Axiom of Choice has many variants like the followings:
There is a choice set for every family of non-empty sets.
All sets are well-orderable.
Of course in many cases one don't need AC to prove existence of a choice set or well-ordering for a particular family or set. In such cases one can prove these facts in ZF.
Question: What are examples of set theoretic axioms which violate the axiom of choice badly? I mean examples of axioms which imply non-existence of choice sets (or well-orderings) on almost all families of non-empty sets (or sets) which existence of a choice set (or well-ordering) on them is not provable in ZF.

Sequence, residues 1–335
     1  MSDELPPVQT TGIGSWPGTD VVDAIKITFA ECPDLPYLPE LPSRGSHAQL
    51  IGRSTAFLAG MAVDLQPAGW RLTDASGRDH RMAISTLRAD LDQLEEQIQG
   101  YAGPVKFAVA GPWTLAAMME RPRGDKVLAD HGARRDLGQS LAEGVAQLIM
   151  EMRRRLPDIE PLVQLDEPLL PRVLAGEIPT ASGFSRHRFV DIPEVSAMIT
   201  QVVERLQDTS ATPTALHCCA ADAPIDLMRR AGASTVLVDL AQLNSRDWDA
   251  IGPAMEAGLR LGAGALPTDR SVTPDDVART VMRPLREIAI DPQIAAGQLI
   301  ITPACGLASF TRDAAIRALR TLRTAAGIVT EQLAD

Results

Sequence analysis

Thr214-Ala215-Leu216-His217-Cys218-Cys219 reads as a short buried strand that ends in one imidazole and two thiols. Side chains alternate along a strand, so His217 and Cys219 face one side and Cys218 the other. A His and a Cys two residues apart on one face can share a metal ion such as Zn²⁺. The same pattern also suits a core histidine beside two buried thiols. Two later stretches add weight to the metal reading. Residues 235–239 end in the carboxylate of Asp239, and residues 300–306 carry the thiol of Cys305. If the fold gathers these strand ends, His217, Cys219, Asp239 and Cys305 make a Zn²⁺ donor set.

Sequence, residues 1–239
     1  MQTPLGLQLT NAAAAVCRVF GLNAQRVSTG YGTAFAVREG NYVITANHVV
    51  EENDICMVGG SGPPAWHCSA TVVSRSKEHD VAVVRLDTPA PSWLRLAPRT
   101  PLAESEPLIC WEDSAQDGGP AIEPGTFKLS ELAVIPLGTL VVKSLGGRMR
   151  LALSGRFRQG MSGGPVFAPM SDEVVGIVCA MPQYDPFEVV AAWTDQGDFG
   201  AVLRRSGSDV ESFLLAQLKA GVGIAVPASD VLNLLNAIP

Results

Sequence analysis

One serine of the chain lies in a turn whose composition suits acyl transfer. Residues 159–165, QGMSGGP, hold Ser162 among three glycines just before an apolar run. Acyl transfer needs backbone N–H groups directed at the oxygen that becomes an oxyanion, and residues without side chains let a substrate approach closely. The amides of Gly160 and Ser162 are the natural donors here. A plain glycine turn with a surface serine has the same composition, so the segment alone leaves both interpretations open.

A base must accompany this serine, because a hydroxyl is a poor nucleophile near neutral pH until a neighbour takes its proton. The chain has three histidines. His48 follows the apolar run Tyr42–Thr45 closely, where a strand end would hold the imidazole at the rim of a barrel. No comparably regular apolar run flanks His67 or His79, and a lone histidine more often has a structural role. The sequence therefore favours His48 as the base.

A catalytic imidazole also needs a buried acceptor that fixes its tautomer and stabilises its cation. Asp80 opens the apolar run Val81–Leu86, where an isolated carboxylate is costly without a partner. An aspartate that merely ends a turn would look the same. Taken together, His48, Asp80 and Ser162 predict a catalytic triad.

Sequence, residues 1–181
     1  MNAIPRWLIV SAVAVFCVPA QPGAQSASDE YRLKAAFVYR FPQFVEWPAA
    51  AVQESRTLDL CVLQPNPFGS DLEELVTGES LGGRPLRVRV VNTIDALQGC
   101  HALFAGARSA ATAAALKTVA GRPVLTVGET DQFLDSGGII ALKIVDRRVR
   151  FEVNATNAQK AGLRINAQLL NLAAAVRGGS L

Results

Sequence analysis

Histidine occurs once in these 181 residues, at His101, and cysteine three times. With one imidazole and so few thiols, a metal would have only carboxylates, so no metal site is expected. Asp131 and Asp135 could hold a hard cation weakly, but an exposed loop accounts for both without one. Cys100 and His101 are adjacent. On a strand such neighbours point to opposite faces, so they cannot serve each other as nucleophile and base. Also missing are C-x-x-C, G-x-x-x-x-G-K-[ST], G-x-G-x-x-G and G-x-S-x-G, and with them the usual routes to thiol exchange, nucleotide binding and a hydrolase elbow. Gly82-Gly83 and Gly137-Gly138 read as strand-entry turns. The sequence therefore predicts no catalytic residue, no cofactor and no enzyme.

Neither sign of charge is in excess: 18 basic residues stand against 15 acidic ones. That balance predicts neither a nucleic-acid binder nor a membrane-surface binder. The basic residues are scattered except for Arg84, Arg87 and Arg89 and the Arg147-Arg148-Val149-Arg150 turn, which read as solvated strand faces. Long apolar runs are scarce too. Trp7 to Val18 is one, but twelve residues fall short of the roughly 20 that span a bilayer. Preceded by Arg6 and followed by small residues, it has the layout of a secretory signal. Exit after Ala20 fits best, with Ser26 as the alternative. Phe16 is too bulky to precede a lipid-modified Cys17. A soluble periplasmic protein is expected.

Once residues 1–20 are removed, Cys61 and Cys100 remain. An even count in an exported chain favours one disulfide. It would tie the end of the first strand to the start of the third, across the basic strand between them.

As it stated in comments, $AD$ is certainly a classic example of an anti-choice axiom. However I would like to know about other variants of such axioms and also the intuition behind them which illustrates why these axioms are violating $AC$ badly not merely implying $\neg AC$ which is possible just by producing a single set which has no well-ordering.